certification in accordance with state requirements.

f. Breath testing equipment operators will receive training


and maintain certification in accordance with state requirements.

g. Personnel carrying chemical spray devices will be trained


and certified.

h. Physical restraint techniques (handcuffing, pressure


point control techniques, etc.).

i. Legal aspects of law enforcement.

j. Instructors will be scheduled for recertification as


required.

3. Training Methods. The provost marshal will tailor training


programs to best meet the needs of PMO. Acceptable training
methods include, but are not limited to, formal classroom, roll
call, on-the-job (OJT), Field Training Officer, etc.

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4. Training Documentation

a. All of the training listed in this chapter will be


documented in the individual Marine’s training file immediately
following its completion. Training files may be either hard copy
or computerized. Training files will transfer with the
individual Marine upon reassignment and will be maintained by the
gaining unit. Training records will be maintained on any Marine
that leaves active duty for any reason for a period of two (2)
years.

b. All annual training plans, monthly training schedules,


class rosters, critiques, tests, etc., will be maintained for two
years.

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CHAPTER 5

INCIDENT/COMPLAINT REPORT (OPNAV 5527/1) PROCEDURES

PARAGRAPH PAGE

BACKGROUND 5100 5-3

COMPLETING THE FORM 5101 5-3

ADMINISTRATIVE SECTION 5102 5-4

COMPLAINT SECTION 5103 5-5

OFFENSE SECTION 5104 5-7

TYPE OF CRIMINAL ACTIVITY 5105 5-9

PROPERTY SECTION 5106 5-12

VICTIM SECTION 5107 5-15

WITNESS/SPONSOR SECTION 5108 5-18

SUSPECT/ARESTEE SECTION 5109 5-19

MILITARY POLICE SECTION 5110 5-24

NARRATIVE SECTION 5111 5-24

REPORTING/APPROVING SECTION 5112 5-24

ADMINISTRATIVE DISPOSITION 5113 5-25

OFFENSES 5114 5-27

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CHAPTER 5

INCIDENT/COMPLAINT REPORT (ICR) (OPNAV 5527/1) PROCEDURES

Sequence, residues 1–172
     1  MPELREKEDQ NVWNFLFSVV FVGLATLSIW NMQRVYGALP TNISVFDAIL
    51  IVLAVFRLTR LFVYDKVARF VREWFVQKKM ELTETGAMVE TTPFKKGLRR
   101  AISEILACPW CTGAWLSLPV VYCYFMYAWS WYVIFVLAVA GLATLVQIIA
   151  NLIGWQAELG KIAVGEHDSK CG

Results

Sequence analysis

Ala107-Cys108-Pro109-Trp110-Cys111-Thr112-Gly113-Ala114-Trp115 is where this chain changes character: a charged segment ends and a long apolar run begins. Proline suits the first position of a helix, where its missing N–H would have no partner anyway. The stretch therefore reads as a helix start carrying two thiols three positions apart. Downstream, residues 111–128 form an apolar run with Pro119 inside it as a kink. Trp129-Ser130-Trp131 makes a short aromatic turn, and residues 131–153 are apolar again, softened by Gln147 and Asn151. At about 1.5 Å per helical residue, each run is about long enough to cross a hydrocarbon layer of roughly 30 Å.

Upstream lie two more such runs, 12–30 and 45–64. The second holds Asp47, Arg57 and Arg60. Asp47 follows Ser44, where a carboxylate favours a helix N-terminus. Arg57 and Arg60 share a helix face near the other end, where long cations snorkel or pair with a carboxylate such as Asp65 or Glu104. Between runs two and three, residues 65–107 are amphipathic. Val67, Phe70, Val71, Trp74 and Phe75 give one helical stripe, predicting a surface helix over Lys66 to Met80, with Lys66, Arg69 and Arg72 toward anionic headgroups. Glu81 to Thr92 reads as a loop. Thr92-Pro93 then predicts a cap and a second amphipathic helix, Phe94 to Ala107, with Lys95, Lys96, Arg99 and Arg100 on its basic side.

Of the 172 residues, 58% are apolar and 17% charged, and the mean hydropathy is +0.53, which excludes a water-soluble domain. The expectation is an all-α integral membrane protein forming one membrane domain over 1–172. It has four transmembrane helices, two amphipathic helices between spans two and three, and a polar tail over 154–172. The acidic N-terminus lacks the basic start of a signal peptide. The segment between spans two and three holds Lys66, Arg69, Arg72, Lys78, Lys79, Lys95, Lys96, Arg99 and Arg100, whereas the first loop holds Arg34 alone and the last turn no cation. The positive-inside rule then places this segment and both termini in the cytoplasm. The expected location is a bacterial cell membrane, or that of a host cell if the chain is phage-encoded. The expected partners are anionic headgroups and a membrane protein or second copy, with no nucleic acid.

5100. BACKGROUND

1. Law enforcement agencies nationwide have periodically


reviewed uniformed crime reporting resulting in the Uniform Crime
Reporting Act of 1988 and the development of the National
Incident-Based Reporting System (NIBRS). The revised ICR
represents the Navy and Marine Corps collection platform for
NIBRS data. The Department of Justice receives statistical data
based on NIBRS guidelines, compiles the data, and publishes a
"National Crime Report." Law enforcement agencies with a
legitimate interest use the National Crime Report for planning
and policy purposes.

2. Military police use the ICR as a means of collecting


information, compiling it in a systematic fashion, and
articulating the facts and circumstances of criminal and
significant incidents. The nature of our society requires
military police to report facts with direct bearing on the
incident in question excluding personal opinions, biases, and
vague statements. This form helps eliminate the sometimes
ambiguous nature of the who, what, where, why, when, and how
approach to preliminary/initial investigations. This chapter is
meant to provide a block by block "How to.." instruction to
assist the first responder in collecting and articulating the
appropriate information and to ensure consistent language
required by NIBRS is used Marine Corps wide. Sections or
information that do not apply or is unknown should be left blank
on the form.